Keep your pumpkin spice, I’ll have my Diospyros virginiana. The common American persimmon. Do I want the smell hanging out in every room like a fog, and disguising my morning caffeinated lifeline with its Fall flavor? No, but this self-proclaimed tree-hugger smiles to herself when she sees those signs of Fall and all the nostalgia they bring.
This story came about after a dive down the rabbit hole of a social media post about the largest Cypress tree in the state, which had a link to the Champion Tree list for Arkansas, which brought me to search for our county, Pope. While Pope has a few trees massive enough to make the list, the American persimmon caught my eye, made my mouth immediately draw up, and ultimately ended in a grin brought on by a memory of my first persimmon enlightenment.
Champion Tree List
The Arkansas Champion Tree list is maintained by the Department of Agriculture and lists the largest trees of each species in the state and each’s location. Trees are measured in three areas: trunk circumference, height and average crown spread.
Harold Fisher, Urban Forestry Partnership Coordinator for the Forestry Division of the Department of Agriculture, travels throughout the state to measure submitted candidates and update the list as new champions arise.
The current state champion common persimmon tree overtook its predecessor of the list on July 13, 2022. It is 66 feet tall and located at the entrance to Taylor Oil in Russellville. Fisher estimates it to be 100-130 years old, depending on weather and soil conditions through the years of its life. He said he knew at first sight that this persimmon tree would be the new champion of its kind.
The persimmon is one of the first trees I remember learning to identify through a most unpleasant experience. At the age of four or so, I was taught a lesson I have never forgotten: Grandpa had a mischievous side. I followed him daily through his outdoor tasks, as no one else had the patience to teach a constantly-questioning four-year-old about gardening and fishing, and on that particular day, green persimmons.
I found a persimmon on the ground and inquired about it, probably the hundredth question I’d asked so far that morning. He told me how good they were, took if from my hand, wiped it off on his shirt and offered it to me with a barely-contained chuckle. With all of the trust of a child, I bit into it that hot summer morning. Having experienced the summer fruits of peaches and plums, the knowledge of this fall fruit was unchartered territory for me.
In all its August greenness, palatable it is not. My mouth contorted into a shape I can only imagine, and to this day, with the memory, I can still taste what I now know is tannin. No amount of water, only time, can wash the bitterness away. It took at least two decades and three months for me to try another in its coral-orange mushy state of over-ripeness. I wasn’t taking any chances.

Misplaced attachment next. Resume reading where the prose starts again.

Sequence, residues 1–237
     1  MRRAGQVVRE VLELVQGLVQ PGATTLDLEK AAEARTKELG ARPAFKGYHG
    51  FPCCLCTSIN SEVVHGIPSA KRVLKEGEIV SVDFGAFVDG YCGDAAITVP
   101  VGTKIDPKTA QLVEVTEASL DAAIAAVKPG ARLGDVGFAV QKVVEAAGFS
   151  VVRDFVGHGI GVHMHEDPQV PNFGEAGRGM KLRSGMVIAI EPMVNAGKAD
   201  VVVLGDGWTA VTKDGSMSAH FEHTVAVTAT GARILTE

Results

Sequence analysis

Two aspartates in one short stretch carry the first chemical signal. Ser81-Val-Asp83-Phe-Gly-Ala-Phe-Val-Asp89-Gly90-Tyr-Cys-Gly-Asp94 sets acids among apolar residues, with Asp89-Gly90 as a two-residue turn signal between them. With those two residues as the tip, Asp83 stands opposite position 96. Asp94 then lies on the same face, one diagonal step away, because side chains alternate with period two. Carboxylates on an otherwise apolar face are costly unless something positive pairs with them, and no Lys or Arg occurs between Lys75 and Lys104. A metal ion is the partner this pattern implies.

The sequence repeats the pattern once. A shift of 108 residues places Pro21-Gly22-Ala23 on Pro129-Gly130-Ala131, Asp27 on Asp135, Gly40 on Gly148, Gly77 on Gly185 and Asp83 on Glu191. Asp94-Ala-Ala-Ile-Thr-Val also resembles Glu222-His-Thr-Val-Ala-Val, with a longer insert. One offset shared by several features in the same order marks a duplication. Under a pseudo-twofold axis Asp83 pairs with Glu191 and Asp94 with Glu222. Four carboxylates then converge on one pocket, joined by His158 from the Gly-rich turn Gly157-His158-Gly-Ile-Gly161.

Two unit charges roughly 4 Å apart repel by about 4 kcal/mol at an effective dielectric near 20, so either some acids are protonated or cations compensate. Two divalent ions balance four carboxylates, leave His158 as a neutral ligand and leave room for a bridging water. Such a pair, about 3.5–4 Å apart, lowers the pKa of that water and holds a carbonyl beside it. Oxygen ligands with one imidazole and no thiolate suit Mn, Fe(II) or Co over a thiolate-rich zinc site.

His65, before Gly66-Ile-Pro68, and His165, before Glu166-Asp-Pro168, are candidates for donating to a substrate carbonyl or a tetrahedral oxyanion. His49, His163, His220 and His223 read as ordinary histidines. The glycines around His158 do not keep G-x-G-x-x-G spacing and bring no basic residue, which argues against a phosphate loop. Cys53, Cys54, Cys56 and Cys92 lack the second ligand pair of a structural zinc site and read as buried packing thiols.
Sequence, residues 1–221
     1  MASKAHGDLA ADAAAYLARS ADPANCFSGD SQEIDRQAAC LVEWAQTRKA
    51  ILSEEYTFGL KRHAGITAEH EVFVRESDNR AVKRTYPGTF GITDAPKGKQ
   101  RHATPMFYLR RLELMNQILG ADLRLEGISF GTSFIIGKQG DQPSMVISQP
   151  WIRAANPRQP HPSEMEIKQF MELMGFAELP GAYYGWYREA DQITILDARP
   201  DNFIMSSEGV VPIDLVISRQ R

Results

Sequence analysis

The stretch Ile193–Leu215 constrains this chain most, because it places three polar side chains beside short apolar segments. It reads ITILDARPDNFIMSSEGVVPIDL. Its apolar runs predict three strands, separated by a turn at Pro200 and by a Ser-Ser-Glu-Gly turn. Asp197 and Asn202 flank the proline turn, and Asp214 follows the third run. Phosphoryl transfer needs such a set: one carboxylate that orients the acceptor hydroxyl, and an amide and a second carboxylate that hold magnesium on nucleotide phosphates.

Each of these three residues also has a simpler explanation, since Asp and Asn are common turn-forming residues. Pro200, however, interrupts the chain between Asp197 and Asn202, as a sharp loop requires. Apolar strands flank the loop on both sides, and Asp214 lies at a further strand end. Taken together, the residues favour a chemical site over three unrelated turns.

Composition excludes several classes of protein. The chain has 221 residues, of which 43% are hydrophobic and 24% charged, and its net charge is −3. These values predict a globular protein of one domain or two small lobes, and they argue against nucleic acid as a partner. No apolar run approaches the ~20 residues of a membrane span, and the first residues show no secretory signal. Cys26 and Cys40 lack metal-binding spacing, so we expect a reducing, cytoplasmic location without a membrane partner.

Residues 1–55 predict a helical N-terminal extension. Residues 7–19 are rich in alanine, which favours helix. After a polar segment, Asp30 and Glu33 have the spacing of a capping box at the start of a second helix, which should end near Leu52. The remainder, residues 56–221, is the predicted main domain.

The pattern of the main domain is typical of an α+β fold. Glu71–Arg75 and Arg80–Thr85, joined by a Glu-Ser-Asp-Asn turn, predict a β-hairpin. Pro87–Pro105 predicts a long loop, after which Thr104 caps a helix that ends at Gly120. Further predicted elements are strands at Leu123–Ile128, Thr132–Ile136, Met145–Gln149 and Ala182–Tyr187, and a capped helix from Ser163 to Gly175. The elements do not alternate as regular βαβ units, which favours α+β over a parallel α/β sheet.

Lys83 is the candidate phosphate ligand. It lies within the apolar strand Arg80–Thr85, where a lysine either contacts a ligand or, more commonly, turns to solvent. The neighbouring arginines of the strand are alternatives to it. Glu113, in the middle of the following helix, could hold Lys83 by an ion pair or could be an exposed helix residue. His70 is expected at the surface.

Some describe the taste of ripe persimmons as similar to an apricot. I will neither confirm nor deny, as my extent of knowledge of an apricot is when I thought I was getting peach cobbler from the buffet, and it turned out to be apricot. Apricot is always a disappointment when you think it is going to be peach.
Persimmons being native to the majority of the East Coast and as far west as Kansas and Texas, they were widely consumed by Native Americans, who used them in soups and breads, as well as the bark and leaves for medicinal purposes. Recipes can be found in abundance online, particularly for persimmon bread.
The seeds of the persimmon predict the coming winter, according to folklore some say began in the hills of Arkansas. Split the seed in half, and if the middle is a fork (it looks more like a spork to me) the winter will be mild. If it is a spoon, you’ll be shoveling an excessive amount of snow, and if it’s a knife, expect cold that cuts like a knife. A hint when splitting seeds: pliers make the job easier and safer than a knife, just take time to not crumble the seed.
When my son was in third grade, I gathered enough whole persimmons between the tall tree at my parents’ home where I had to wait for them to fall, and the one that hung over the fence at the farm where I had to get to them before the cows could reach them, to take to his class. Each student could try his or her own persimmon and harvest the seeds for Mrs. Dunlap to split open and create a graph predicting the weather. There was an abundance of seeds and an abundance of shovels, so the graph was a bit less educational than planned.
Was the prediction accurate? I’ll let you perform your own study, but it’s a great reason to get out, find a persimmon tree and spend some time with a child, while keeping a bit of fun folklore alive. Just remember, or conveniently forget if you have a mischievous streak, that they don’t ripen until after the first frost.
Find the Champion Tree List at the Arkansas Department of Agriculture’s website.